That would be the coolest. It gets my vote. The tagline of this podcast is ‘ exploring how disability drives innovation’. What does that concept mean to you?

[00:08:53] Vint:
Oh this is actually a really easy question to answer. Imagine if you have a disability that you confront every single day, overcoming that disability. And so some of the most creative people in the world are people with disabilities, because every single day they have to go figure out, how do I do that? How do I solve this problem? Which is why I really love the idea of hiring people with disabilities because they’re really good at thinking their way through innovative ways to solve problems. I think we need to give people with disabilities more tools to help solve the problem. And we need to educate the general public and our businesses that almost everyone in the company will suffer a disability, even if it’s only temporarily, whether it’s a broken arm or a hand, or a broken leg or some other, stuffed up nose, you can’t hear all of those. Temporary disabilities will benefit from software and hardware that addresses the problem. And of course, then there are people with chronic conditions like mine. I’m chronically deaf. And having a solution to that in the form of hearing aids or special headsets or other kinds of things is very much appreciated.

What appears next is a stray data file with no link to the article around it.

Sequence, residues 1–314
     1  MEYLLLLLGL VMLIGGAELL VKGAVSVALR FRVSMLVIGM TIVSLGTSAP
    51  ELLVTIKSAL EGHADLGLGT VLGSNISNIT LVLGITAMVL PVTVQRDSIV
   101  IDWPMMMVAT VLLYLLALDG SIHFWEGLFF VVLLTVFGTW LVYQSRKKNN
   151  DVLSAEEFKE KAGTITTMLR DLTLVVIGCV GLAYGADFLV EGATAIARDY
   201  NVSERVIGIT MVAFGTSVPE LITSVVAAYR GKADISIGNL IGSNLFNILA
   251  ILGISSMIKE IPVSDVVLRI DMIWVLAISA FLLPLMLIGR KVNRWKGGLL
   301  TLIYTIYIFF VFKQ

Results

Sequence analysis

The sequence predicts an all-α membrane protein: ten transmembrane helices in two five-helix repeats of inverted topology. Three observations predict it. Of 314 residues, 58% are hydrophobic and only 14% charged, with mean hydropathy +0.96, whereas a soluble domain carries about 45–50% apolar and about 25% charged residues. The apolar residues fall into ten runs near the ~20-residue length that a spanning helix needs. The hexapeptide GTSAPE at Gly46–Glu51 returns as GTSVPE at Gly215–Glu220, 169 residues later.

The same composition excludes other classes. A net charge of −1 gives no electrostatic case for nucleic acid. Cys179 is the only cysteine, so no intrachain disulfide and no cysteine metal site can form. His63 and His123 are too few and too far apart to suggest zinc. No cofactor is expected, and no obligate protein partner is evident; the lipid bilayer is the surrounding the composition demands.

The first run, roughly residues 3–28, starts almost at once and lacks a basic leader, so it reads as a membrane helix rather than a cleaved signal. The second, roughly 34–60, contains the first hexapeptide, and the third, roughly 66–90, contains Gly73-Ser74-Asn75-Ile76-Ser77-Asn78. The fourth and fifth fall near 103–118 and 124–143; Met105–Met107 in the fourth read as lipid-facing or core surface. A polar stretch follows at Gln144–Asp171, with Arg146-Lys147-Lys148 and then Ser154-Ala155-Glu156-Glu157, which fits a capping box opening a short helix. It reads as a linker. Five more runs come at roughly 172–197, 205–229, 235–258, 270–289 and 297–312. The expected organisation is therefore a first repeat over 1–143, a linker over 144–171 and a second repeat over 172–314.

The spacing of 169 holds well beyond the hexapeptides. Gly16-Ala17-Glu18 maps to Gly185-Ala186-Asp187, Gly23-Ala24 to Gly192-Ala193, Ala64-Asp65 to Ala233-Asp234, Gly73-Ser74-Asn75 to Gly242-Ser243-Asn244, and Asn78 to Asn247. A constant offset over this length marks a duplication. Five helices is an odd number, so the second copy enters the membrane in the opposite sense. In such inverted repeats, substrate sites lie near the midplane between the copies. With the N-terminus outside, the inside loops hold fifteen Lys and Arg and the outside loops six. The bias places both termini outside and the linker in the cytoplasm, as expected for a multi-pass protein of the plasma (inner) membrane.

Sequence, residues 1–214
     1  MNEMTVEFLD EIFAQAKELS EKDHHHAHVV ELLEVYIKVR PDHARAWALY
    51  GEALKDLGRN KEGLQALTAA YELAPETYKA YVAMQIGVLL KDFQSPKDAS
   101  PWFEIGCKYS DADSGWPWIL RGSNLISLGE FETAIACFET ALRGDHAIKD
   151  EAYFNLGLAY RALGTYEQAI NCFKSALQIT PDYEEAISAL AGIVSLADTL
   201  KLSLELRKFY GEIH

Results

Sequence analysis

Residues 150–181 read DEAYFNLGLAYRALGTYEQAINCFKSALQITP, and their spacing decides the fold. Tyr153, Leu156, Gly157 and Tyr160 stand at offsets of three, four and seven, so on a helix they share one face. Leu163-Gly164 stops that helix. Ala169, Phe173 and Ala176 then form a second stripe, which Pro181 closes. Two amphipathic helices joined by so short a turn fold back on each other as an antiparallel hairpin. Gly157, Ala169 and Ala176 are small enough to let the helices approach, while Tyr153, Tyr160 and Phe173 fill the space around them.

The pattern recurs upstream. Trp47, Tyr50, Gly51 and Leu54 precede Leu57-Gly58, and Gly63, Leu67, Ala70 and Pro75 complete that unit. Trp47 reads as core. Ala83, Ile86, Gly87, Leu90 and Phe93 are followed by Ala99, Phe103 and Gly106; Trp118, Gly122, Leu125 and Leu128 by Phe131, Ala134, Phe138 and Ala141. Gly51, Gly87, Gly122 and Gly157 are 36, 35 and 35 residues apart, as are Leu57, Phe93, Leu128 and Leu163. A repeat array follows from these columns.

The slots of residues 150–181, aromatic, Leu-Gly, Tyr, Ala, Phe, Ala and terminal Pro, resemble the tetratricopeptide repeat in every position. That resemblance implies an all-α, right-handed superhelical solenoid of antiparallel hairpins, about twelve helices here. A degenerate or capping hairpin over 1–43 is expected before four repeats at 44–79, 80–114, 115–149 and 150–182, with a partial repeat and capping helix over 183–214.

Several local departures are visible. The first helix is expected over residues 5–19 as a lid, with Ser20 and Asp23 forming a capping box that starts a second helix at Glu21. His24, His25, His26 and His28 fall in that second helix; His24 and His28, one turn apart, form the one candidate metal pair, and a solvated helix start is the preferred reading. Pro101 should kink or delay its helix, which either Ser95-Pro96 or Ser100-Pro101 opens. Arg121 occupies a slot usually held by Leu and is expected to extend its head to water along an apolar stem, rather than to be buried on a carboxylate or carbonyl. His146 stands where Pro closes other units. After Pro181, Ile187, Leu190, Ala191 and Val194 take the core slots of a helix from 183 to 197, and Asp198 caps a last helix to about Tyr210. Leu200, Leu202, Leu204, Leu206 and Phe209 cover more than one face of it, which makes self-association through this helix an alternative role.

[00:10:06] Viv:
This might give you an opportunity to restate what you’ve said previously, but at the end of these episodes, we’d like to invite guests to leave the listeners with a Remarkable Insight. So a piece of advice or something to think about moving forward. Is there anything you would like to share?

[00:10:24] Vint:
Yeah, there’s an internet in your future, resistance is futile.

[00:10:31] Viv:
I like it. I suppose if you’re gonna share one that’s specifically about disability tech?

[00:10:39] Vint:
What I would say to our listeners is that those of you with disabilities, please don’t be shy about being clear about what we could do to make the internet more accessible or its applications more accessible. And for people who are making those applications, please don’t forget your friends with disabilities. Make your applications accessible because you’ll benefit them and everyone who interacts with them.